3. Depreciation.

[8a] Large equipment which was purchased and which under the contract was to be the joint property of the parties, was purchased in plaintiff's name. The partnership in the partnership income tax reports took no depreciation upon that equipment; plaintiff did in his personal income tax reports. Defendant testified that he discussed this situation with plaintiff and that plaintiff told him that this would be adjusted between them. Plaintiff did not deny so stating. Defendant's counsel asked defendant if he ever received any depreciation credit on this equipment. Plaintiff objected. Considerable discussion followed between counsel ending with a statement by defendant's counsel to the effect that the court would have to rule on the value of this adjustment to be credited defendant on the indebtedness due plaintiff. The court then overruled plaintiff's objection and the witness answered that he did not receive such credit. Unfortunately the matter ended there. Plaintiff contends that the parties treated this equipment as plaintiff's until such time as the accounting might be had and therefore that plaintiff was entitled to have the depreciation. This, of course, is directly contrary to the conversation related by defendant and not denied by plaintiff. Defendant contends that the trial court should have made a finding on this subject although there is no record of a request therefor. Plaintiff points out, however, that there [123 Cal. App. 2d 133] is no evidence upon which the court could have found the amount of the depreciation taken by plaintiff. Had the depreciation been taken by the partnership, defendant would have received the benefit of his share thereof.

As the evidence now stands, it would appear that in all fairness defendants should receive credit on their indebtedness to plaintiff for their share of that depreciation. Where there is a fiduciary relationship (and there is one here) and the facts are peculiarly within the knowledge of one of the parties (the amount of this depreciation is known only to plaintiff) an accounting lies. [9] Having once taken jurisdiction, the court will grant further relief demanded by the situation and necessary to complete justice. (Smith v. Blodget, 187 Cal. 235 [201 P. 584]; citing 2 Pomeroy's Equity Jur. § 910, and 4 Pomeroy's Equity Jur. § 1421.) [8b] That the issue of whether defendants are entitled to this depreciation was before the court is shown by the approximately eight pages of transcript covering the argument concerning its admissibility and by the fact that the court permitted defendant to testify to his conversation with plaintiff concerning it, which conversation was not denied. During that argument defendant's counsel stated: "It does come down to a direct issue before the Court to rule as to whether or not we can show, and we will make the offer to do it, of the value of the depreciation or this adjustment that was to come to Mr. Brown in this $35,000 settlement, and also in the total depreciation that was taken. I think the Court's going to have to rule that we're either in or out on that." The court at no time ruled on the issue stated by defendants, although it did rule on the admissibility of the question objected to, namely, had defendant received any depreciation credit on the equipment jointly owned with plaintiff. In Jakobsen v. Peratis, 213 Cal. 671 [3 P.2d 305], the court said concerning matter which was not answered other than by the contention that it was being raised for the first time on appeal (p. 672): "But they appear from the uncontradicted facts, and there is no necessity that an argument on the law be first made in the trial court."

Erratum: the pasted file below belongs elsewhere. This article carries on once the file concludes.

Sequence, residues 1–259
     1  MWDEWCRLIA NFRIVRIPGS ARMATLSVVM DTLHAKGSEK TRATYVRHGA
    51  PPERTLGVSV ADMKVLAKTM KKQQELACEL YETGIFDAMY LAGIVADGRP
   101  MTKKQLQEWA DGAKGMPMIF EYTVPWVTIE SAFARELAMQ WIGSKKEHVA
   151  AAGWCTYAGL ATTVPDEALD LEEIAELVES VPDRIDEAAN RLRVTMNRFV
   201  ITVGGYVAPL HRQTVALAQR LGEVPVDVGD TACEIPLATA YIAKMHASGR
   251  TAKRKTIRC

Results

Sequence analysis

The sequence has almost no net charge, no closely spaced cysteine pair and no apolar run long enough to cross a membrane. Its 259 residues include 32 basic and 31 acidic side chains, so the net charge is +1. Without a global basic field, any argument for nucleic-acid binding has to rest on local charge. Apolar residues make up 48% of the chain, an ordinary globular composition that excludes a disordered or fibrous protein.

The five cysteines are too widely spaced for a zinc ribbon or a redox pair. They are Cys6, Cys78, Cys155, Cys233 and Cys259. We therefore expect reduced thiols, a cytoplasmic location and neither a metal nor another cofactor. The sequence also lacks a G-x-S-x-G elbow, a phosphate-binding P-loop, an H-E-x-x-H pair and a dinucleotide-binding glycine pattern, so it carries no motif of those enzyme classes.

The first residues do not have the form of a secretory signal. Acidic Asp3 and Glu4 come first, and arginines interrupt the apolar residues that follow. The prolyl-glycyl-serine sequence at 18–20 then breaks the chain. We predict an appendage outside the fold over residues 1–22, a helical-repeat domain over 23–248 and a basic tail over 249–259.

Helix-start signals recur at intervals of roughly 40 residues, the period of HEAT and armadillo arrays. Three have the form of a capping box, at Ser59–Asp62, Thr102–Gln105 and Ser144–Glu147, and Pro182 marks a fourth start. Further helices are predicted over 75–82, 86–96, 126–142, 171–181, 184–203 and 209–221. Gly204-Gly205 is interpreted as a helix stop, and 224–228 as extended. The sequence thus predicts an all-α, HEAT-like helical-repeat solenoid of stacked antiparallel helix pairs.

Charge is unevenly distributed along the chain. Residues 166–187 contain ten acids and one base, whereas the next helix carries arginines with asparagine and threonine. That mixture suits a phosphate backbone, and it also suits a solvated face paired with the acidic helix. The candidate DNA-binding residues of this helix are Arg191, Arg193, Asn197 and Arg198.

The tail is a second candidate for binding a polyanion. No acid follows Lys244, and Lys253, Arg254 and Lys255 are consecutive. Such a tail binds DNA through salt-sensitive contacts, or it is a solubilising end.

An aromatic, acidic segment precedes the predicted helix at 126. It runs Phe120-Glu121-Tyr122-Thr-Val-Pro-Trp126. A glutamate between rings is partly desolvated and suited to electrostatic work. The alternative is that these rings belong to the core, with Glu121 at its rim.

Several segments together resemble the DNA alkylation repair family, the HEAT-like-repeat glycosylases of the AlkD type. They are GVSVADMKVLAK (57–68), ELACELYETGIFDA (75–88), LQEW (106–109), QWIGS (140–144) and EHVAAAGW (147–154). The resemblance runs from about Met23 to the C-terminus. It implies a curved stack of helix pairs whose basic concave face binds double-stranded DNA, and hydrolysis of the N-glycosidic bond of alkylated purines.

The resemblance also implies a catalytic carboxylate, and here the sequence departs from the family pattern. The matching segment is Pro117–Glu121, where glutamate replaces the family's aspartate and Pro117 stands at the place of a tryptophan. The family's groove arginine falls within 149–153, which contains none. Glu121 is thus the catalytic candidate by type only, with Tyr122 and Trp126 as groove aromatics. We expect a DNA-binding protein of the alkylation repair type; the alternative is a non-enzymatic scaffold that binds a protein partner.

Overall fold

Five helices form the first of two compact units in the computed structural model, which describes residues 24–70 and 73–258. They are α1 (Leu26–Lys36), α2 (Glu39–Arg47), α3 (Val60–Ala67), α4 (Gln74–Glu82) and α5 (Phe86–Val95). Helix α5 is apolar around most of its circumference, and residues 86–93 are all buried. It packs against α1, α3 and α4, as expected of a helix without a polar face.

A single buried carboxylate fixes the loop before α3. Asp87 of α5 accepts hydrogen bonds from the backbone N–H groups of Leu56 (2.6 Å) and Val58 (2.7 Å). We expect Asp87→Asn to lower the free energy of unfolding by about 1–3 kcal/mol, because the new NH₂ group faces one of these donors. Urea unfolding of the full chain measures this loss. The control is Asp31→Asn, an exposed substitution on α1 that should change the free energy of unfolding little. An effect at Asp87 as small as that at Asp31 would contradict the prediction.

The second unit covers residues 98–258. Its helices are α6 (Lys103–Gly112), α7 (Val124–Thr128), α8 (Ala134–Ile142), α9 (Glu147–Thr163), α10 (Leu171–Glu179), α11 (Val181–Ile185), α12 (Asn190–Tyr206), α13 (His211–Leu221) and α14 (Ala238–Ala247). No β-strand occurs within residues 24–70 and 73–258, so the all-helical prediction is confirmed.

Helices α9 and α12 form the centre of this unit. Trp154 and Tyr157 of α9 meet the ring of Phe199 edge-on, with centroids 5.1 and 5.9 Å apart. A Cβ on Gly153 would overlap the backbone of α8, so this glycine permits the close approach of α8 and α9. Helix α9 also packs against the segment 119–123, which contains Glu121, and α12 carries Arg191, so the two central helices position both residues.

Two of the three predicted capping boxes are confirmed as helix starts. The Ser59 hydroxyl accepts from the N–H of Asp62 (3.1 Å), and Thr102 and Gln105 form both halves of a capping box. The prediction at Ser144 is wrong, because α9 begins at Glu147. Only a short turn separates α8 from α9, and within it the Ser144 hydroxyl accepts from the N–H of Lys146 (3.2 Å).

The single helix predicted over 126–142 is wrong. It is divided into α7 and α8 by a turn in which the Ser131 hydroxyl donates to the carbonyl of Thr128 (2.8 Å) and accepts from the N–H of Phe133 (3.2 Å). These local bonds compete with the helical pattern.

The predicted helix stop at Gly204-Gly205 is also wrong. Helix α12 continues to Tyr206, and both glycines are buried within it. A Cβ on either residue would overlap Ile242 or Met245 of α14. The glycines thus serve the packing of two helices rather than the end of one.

In order that equity may be done, it would seem fair to refer to the trial court the determination whether defendants are entitled to a credit for any portion of the depreciation taken by plaintiff alone on the joint property, and, if so, what amount should be credited.

If the court determines that defendants are entitled to [123 Cal. App. 2d 134] this credit, one other matter should be taken into consideration. Plaintiff testified that defendant agreed to pay his share of the interest which plaintiff would be required to pay upon the purchase price of the equipment purchased by plaintiff. The court should also determine whether there was such agreement and if, as appears, plaintiff has not received such reimbursement, plaintiff should be credited therewith.

[10] Defendant complains of a ruling of the trial court in sustaining an objection to a question asked the expert who prepared Exhibit 17 as to whether he had made any attempt to allocate rentals of plaintiff's equipment. While the question should have been allowed, the error was not prejudicial as the exhibit speaks for itself on the subject.

The judgment is reversed and the cause is remanded for the sole purpose of determining the depreciation and interest issues as hereinbefore stated. In all other respects the judgment is affirmed. Respondent shall recover costs.

Peters, P. J., and Wood (Fred B.), J., concurred.

FN *. Unless otherwise appearing, "defendant" will refer to F. H. Brown.

FN *. "Complaint" herein refers to the first amended complaint.

FN *. A hearing was granted by the Supreme Court on October 28, 1953.